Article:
Potential Gains: Emerging Markets Indexes and ETFs
Emerging markets are selling at relatively cheap valuations, it seems to me, and the low valuations of many of the stocks and indexes seem more about fear than about the downside revisions that are happening in GDP.
Many emerging markets indexes and ETFs are selling at about 10 times earnings, which is a low multiple for that asset class. It seems to anticipate lower earnings, a credit crunch, and a drastically slowing world economy, caused mostly by problems in Europe. This is the fear, but if none or little of this transpires this sector of the market could make good gains.
The fundamentals are there for a good upward move in the sector. Outflows from emerging markets portfolios were high in 2011, which reversed high inflows in 2010. The sector is perhaps now under-owned.
In the last 6 months, the iShares MSCI Emerging Markets Index (NYSE: EEM), an emerging markets ETF, has under-performed the S&P 500 Index by about 15 percent. The S&P 500 has outperformed EEM by about 20 percent over the last two years.
The fundamental situation for emerging markets is not bad, since some emerging market countries have growth rates of four to six percent. This is impressive, especially when considering global growth rates.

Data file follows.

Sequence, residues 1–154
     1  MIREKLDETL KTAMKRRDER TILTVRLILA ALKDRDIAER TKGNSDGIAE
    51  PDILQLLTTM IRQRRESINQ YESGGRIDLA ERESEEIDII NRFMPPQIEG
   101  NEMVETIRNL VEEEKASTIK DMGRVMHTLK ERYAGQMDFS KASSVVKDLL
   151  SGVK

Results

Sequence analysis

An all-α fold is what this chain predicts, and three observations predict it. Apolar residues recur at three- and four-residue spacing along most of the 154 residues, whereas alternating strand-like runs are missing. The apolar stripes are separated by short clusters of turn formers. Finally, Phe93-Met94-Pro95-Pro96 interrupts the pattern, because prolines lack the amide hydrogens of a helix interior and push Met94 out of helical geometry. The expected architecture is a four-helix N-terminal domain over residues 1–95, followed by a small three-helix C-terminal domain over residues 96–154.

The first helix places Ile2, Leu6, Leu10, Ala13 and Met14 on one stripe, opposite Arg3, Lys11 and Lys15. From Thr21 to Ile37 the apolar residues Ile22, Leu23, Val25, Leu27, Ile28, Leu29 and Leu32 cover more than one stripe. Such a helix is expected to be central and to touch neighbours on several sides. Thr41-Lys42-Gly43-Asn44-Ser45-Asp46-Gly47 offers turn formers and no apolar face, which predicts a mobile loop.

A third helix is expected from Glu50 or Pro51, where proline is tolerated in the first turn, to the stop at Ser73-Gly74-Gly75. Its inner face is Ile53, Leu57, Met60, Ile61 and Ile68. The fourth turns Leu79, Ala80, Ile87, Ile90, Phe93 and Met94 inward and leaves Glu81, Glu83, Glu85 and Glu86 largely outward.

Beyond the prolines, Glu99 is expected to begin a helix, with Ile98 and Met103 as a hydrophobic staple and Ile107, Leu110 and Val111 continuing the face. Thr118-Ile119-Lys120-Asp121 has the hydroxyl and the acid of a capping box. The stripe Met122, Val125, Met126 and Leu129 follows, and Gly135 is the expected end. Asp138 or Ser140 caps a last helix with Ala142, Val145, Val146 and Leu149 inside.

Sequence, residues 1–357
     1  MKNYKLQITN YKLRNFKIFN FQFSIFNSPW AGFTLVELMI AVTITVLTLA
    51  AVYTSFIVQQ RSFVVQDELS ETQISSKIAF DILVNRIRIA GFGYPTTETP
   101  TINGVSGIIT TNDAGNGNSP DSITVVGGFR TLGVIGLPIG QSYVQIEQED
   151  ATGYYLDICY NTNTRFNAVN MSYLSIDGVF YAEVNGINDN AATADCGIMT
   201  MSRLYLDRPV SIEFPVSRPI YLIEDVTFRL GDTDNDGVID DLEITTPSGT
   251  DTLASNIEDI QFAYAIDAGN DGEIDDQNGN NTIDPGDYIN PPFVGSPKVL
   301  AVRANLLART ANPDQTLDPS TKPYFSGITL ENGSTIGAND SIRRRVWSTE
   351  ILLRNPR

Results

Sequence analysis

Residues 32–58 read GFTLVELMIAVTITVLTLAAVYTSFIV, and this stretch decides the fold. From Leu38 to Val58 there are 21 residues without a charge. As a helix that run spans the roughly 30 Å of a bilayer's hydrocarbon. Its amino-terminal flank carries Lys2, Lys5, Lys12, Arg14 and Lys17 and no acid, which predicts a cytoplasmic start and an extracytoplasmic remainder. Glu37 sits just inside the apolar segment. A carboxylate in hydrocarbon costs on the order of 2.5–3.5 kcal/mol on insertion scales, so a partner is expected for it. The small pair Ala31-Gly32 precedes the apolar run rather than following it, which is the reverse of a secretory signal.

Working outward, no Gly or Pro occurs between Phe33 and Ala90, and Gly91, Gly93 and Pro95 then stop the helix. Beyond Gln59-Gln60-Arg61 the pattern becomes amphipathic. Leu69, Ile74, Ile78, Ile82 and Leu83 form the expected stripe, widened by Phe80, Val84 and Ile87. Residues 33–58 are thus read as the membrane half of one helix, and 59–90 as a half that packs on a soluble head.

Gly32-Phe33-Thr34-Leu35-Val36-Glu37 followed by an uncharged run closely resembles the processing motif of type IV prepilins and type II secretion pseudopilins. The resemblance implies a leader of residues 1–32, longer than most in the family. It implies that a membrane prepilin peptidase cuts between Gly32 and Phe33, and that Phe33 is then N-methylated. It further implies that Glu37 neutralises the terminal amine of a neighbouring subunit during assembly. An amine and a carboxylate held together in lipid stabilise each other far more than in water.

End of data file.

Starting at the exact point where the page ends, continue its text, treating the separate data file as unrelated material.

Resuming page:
Tight money in many countries has been loosened, which should help economic activity, and dispel some psychological negativity impacting the group. Rates have been cut in many of the major countries, including Brazil and Russia, and in China the government has telegraphed a rate easing policy.
In terms of global sectors, JAForlines Global (JFG, www.jaforlines.com) - which supplies portfolio management for clients of select independent RIAs, Broker/Dealers and their Registered Representatives - finds technology, healthcare and energy are the most attractive.
John Forlines, CIO, points out that this could change, and the need to remain tactically aware in asset allocation has never been more important.
He also advises staying flexible about risk, which will be very important to 2012 portfolio performances. JFG likes commodity and emerging market investments and also certain US sectors, because it consider the US and China economies are presently relatively stable.
Some ETFs to consider for representation are WisdomTree Small-cap Emerging Markets (NYSE: DGS), WisdomTree Emerging Markets (NYSE: DEM), iShares Emerging Markets (NYSE: EEM), and Market Vectors Russia (NYSE: RSX).
Disclosure: my clients and I own DGS and EEM, and may own shares of RSX and DEM at the time of publication.
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